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Typing to the Stars

In addition to the Brother XL-800 that was dropped on my doorstep several weeks ago, I also received a plastic wedge.



We all have been given these by people who want to unload some junk. They are good machines for a purpose, but hardly collectible. There are a few that are interesting.



They might have lines that suggest a harsh modern future where everything was a little Bang and Olufsen.



Or they might have an LCD display.



Such was the situation with this typewriter.


It's none other than a Canon Typestar 5. An ultra-thin battery operated wedge that hosts two different typefaces, automatic centering, a correction system, and a novel thermal transfer printhead that works on standard office paper. Pretty swanky technology for the period. Alas, this one was missing both knobs and I was forced to make new ones out of Instamorph. My knobs look a little like albino jujubes, but they do the job. Originally there were flatter and matched the body color more closely.

This machine comes from a time that I readily remember. I come across one of these plastic wedges and I am immediately transported to the Electric Avenue section of Montgomery Wards. It's as if I had my own Midwest time machine powered by casseroles and Jello-molds.  It was a wonderland of word processors, computers, and electronic typewriters. These gleaming bits of consumerism were stacked in rows on neat and tidy shelves. It was a sight to behold.


What is it like to type on? It's like a computer. It feels digital. You feel removed front he typing act. At the end of the digital line the carriage zips across and prints a line. It's quiet and efficient and completely devoid of romance. I don't care for it at all.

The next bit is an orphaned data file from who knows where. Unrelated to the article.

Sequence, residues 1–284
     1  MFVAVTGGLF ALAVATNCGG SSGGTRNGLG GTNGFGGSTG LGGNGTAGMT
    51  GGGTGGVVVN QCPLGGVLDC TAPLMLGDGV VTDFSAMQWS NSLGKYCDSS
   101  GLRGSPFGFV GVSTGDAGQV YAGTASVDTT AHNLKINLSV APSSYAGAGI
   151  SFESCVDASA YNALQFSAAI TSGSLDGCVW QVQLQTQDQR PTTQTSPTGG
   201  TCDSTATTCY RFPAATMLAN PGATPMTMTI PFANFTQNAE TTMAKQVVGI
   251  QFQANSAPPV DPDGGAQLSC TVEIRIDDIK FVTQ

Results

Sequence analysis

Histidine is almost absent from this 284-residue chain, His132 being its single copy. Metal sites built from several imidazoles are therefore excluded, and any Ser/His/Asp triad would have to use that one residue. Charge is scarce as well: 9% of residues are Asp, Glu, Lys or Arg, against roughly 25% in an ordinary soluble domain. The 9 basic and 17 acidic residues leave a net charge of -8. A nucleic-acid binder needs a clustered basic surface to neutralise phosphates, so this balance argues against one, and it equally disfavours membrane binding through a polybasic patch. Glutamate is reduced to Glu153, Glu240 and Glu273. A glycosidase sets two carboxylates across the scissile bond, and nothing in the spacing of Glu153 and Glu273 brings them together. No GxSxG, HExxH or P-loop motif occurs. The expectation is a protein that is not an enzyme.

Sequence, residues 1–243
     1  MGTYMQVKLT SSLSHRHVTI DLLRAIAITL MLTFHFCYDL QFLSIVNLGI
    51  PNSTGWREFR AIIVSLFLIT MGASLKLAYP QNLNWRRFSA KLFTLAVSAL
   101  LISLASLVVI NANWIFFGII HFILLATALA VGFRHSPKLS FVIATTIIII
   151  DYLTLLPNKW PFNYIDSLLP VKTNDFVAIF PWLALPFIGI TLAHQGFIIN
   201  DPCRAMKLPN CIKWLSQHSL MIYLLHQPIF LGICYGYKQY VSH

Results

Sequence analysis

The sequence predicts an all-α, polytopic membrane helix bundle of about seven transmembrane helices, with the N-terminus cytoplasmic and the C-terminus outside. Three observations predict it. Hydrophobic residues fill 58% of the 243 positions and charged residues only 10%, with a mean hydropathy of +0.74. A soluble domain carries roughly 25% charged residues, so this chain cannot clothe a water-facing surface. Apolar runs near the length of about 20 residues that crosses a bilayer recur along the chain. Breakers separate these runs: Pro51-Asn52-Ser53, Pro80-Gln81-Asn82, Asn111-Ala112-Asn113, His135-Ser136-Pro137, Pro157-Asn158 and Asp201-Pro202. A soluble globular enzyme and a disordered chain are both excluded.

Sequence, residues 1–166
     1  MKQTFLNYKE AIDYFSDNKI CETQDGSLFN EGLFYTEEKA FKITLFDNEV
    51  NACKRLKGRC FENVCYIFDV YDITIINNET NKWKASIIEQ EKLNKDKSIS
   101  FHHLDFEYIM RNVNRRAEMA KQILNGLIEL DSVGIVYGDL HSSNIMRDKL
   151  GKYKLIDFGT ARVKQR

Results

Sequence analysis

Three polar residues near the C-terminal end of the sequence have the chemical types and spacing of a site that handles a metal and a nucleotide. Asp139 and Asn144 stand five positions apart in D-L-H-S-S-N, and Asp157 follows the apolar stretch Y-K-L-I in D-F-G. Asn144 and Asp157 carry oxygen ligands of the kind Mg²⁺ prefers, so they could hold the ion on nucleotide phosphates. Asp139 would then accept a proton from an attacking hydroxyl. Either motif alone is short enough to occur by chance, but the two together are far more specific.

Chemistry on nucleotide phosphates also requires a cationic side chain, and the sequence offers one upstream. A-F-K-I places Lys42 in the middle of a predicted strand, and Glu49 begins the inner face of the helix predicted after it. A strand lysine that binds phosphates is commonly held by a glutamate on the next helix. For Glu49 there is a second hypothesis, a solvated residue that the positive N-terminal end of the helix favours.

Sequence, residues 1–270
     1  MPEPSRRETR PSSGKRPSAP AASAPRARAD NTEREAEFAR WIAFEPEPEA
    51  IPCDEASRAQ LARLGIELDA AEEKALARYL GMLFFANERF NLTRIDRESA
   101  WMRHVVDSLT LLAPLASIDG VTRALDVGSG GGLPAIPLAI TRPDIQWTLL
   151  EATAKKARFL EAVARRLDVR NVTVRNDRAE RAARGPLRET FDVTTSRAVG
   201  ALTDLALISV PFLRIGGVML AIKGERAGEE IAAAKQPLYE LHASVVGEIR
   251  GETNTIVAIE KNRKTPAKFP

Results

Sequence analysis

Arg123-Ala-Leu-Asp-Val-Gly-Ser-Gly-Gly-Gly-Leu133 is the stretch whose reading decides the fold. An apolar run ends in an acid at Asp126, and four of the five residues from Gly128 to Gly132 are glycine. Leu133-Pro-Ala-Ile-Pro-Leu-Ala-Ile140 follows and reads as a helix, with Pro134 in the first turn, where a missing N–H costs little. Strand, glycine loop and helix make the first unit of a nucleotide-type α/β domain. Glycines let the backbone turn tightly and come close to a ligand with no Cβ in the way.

Everything about this typewriter smacks of gadgetry. It's a fun little gadget to impress people, but can you use it for any length of time? I know that I rather use a good old mechanical machine, but it is fun to play around with something outside my collecting range.

The really interesting thing about Canon is that there is an interesting similarity between that company and Brother. I'll share more about that later. Now, I have to find a place for this thing. Luckily it it pretty small.

Comments

  1. "Reach for a star" or aim a little higher! I found a place for my Typestar 6 - I dropped it in my wheelie bin. It's good to give them a try though. :)

    ReplyDelete
  2. Hardly seems like it should count as a typewriter --- but it does, and we benefit from your experience and research.

    ReplyDelete
  3. I've never tried typing on one of those. I'm curious, actually.

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  4. it looks like a grown-up speak and spell... does it speak?
    I imagine you can hear its internal whirring. It'd be eerie if it was just quiet.

    ReplyDelete
  5. I must be odd, but I could easily find at least a couple of uses for such a small typewriter. My only concern when it comes to wedges is the availability of ribbons; other than that, I do find them interesting and useful pieces of equipment. Of course, this comes from a chap who still uses a Dymo label maker...

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